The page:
The House struggles on occasions such as this to get the tone of the debate right. When Members of this place awoke on
I pay immediate tribute to the local Member of Parliament, Emma Dent Coad. She has not been here very long, but in no time at all she has done her very best to support local residents. So I congratulate her, and I think that the House will come together at least on that point.
There are no words that are adequate to describe our feelings about this horror. The fire started on the fourth floor at one in the morning, when most of the residents were asleep. Within half an hour, a towering inferno took place. It was truly shocking to turn on our TV screens in the morning and see what had happened. This was just a month ago.
This House has a huge responsibility in terms of how we deal with this matter in the debate, and the tone must be moderate. Recently, an article was written by Nick Ross. He is not someone I know personally, but he appears on TV as a commentator. He said:
“no one has a right to a monopoly on anger, or grief…For 15 years I have been campaigning to update building regulations in England to improve fire safety and to have sprinklers fitted routinely to council and other social housing, and I can’t recall a single Government minister or Opposition frontbencher—Labour, Conservative or Lib Dem—who ever campaigned with us…Three times I’ve addressed the Local Government Association…pointing out how the risks are disproportionate in subsidised housing—‘It’s the poor wot gets the flame’—as three times they applauded and did nothing.”
Now, I come to my hon. Friend the Minister. Mr Ross continues:
“Ministers are mostly here today, gone tomorrow”,
although I hope my hon. Friend will be around for a little time,
“and few would claim to be expert in their briefs. Except for those who know it all because they are gripped by rigid ideology, most ministers do listen to their advisers…If there is any group whose actions allowed the catastrophe to happen it was these advisers”,
and Ministers took their advice.
Finally, Mr Ross says:
“Sprinklers are not invincible. They can’t function if the water supply fails. But—and this is the truth that makes me so angry—no one ever dies from fire when a home is protected by automatic sprinklers. That’s why in the U.S. they’re installing 40 million a year.
But let’s not be persuaded that the risk is only in high-rise towers. There are 300-400 fire deaths a year and most victims live in low-rise properties.
We need sprinklers in all social housing, care homes, and multi-occupation premises including schools—and let’s not forget our hospitals…There is a terrible anger after Grenfell. Instead of trading political insults we must put it to good use.”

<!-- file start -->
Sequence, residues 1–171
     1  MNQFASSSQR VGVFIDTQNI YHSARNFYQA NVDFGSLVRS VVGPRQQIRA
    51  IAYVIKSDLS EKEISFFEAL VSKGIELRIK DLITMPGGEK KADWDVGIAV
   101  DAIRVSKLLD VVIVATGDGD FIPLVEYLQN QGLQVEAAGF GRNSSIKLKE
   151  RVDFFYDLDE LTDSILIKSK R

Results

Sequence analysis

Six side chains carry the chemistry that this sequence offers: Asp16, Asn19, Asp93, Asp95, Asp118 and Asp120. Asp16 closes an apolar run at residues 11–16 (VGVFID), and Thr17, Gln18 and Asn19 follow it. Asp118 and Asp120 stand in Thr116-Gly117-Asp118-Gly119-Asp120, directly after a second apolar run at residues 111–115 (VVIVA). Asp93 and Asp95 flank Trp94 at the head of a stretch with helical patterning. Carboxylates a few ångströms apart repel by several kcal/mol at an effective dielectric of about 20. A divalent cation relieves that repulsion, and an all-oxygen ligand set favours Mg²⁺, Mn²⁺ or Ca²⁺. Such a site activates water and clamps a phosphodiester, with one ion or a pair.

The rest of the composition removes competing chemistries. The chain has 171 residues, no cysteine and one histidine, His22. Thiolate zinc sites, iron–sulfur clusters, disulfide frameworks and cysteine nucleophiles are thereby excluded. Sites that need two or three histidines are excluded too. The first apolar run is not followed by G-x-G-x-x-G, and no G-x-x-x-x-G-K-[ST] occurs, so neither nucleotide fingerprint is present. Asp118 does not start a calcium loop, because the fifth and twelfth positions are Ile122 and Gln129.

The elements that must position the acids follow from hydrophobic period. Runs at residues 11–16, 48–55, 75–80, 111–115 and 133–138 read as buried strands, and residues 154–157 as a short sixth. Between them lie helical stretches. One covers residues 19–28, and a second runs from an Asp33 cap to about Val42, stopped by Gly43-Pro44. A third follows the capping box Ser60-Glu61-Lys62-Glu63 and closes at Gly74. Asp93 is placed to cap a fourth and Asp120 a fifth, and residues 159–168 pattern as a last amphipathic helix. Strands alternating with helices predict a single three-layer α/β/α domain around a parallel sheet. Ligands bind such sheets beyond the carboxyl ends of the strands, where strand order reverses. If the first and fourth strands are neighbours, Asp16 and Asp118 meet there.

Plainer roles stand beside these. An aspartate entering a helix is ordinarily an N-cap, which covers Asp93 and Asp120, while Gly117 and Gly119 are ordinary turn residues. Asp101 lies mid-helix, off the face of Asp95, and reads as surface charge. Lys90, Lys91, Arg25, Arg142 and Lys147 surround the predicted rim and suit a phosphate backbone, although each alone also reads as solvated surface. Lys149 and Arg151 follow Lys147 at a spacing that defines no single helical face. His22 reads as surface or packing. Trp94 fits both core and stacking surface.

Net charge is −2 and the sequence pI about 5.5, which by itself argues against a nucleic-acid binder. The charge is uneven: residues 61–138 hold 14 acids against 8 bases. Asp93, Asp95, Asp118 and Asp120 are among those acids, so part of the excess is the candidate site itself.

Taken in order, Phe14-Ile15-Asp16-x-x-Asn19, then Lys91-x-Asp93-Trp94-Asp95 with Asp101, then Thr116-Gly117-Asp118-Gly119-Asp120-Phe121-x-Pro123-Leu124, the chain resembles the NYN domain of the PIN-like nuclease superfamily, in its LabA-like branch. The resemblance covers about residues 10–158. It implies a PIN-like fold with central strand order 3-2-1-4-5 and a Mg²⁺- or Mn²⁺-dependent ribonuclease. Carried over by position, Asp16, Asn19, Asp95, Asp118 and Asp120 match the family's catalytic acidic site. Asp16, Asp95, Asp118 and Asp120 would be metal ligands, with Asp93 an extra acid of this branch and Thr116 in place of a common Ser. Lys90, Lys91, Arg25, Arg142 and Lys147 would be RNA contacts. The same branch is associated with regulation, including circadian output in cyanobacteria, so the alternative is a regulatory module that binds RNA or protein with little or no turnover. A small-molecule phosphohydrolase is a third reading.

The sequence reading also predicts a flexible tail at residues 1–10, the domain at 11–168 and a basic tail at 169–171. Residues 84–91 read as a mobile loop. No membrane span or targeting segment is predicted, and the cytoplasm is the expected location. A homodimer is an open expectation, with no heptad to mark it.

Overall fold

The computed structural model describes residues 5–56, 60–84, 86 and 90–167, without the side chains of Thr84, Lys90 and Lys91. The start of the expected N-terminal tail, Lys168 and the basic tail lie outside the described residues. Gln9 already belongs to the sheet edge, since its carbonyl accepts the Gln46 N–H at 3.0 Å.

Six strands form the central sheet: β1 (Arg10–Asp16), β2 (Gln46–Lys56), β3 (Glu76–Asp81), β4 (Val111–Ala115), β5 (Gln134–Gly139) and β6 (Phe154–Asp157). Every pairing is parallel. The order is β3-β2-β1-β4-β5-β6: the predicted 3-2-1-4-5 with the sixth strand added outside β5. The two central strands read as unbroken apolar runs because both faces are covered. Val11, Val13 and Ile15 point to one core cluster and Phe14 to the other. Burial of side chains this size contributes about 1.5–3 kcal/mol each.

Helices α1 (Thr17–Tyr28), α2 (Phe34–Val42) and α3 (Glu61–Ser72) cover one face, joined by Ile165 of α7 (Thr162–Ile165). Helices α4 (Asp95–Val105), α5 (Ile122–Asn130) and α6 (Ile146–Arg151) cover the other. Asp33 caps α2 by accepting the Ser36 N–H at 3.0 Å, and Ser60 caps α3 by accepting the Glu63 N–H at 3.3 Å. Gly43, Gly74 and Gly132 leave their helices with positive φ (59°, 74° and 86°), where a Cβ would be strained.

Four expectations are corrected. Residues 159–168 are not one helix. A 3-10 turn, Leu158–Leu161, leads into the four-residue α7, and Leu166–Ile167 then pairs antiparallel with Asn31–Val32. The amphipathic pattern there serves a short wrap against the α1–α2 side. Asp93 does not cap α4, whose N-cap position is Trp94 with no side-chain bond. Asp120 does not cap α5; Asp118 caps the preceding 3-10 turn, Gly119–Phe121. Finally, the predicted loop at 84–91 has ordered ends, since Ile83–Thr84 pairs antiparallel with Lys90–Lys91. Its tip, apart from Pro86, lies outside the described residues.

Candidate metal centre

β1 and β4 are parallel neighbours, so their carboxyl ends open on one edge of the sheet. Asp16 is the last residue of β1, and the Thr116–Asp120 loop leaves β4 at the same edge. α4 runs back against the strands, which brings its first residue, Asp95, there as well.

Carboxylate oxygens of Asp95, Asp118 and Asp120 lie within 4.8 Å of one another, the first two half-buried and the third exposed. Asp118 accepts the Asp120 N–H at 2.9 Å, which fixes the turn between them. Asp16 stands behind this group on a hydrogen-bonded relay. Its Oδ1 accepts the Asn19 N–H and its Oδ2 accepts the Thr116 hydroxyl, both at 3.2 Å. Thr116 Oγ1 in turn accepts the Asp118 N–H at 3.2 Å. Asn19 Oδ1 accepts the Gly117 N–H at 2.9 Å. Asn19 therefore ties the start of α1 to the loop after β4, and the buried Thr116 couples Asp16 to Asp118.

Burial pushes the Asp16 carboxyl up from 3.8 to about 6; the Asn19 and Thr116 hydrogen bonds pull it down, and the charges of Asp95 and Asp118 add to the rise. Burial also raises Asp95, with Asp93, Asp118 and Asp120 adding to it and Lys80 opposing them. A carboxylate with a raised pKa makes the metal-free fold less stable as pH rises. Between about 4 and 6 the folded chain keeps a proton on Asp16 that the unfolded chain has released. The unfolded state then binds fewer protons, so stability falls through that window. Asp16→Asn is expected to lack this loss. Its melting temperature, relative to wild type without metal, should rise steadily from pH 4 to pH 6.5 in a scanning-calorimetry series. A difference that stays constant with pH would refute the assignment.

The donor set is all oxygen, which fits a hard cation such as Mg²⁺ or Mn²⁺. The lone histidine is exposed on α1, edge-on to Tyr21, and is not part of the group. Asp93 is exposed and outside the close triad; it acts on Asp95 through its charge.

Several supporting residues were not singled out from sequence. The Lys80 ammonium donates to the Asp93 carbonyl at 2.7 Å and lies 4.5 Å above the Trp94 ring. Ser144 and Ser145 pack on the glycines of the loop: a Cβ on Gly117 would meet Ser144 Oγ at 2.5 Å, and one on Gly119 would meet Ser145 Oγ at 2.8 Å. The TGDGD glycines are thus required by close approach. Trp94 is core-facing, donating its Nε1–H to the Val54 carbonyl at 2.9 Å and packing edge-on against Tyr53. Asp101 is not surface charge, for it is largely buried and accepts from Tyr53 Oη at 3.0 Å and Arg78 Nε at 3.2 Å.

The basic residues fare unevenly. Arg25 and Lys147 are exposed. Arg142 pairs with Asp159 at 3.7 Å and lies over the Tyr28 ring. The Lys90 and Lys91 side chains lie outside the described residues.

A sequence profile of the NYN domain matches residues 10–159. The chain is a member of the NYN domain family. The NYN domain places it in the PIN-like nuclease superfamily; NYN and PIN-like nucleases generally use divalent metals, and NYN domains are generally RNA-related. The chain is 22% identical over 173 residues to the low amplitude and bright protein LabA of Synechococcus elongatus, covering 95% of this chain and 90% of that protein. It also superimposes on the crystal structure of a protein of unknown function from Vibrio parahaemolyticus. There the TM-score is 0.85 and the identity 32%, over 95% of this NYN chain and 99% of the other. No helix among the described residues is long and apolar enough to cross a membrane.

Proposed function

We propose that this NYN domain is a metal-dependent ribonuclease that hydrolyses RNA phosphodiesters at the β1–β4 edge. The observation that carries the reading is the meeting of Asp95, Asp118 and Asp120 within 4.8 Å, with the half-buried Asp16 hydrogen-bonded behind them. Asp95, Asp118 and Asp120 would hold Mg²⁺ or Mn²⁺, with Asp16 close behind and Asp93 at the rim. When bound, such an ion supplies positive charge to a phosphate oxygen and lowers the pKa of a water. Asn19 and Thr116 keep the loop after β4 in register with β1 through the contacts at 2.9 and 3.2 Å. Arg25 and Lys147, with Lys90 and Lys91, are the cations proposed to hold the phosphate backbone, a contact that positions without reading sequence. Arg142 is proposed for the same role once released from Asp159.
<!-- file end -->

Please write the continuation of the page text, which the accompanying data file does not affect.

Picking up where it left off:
We politicians are often criticised—we take the blame for most things that happen—and we have been criticised for not acting on this issue. However, that cannot be said of the all-party group on fire safety rescue, and I am delighted that a number of its very active members are present. Unfortunately, we lost one or two members in the last election, but the group has been going for a long time. I do not know whether colleagues here today are experts, although we found out this morning that one newly elected Scottish Conservative Member is a former firefighter, and he will no doubt bring his expertise to this. Most of us are not experts, however, and since 1986 the APPG has depended on two marvellous secretaries. First we had Douglas Smith, and then, in 2013, Ronnie King took over. Time after time—as was mentioned earlier by the group’s vice-chairman, Jim Fitzpatrick—we asked Ministers to look at the Lakanal House recommendation about the retrofitting of sprinklers, and we asked for the building regulations to be reviewed after 11 years.
The Minister of State, Department for Communities and Local Government, my hon. Friend Alok Sharma, who I think will be replying to the debate, has already met members of the all-party parliamentary group, and this morning it was agreed that I should put a number of points to him, which I hope he will consider. They are as follows.
“Without prejudice to the public inquiry or the police criminal investigation, the all-party group…want to respond to the Secretary of State’s invitation to submit measures which can be put in place immediately to keep people safe”.
I entirely accept the frustration felt by Opposition Members who feel that something needs to be done now, and that we need not wait until the outcome of the public inquiry for that to happen. I hope my hon. Friend the Minister will reflect on that.
The APPG said:
“One such measure is to commence the long promised review of Approved Document “B”
to the Building Regulations, forthwith, and in particular to seek an immediate reinstatement of the provisions of Section 20 of the London Building Acts insofar as they are required a one hour fire resistance to outside walls of blocks of flats”.
It is crazy that we no longer have those regulations. The Minister will face a test: he will be given advice on the matter, and I hope that, unless it is in the affirmative, he will make his own decision and will agree with the recommendation from the all-party parliamentary group.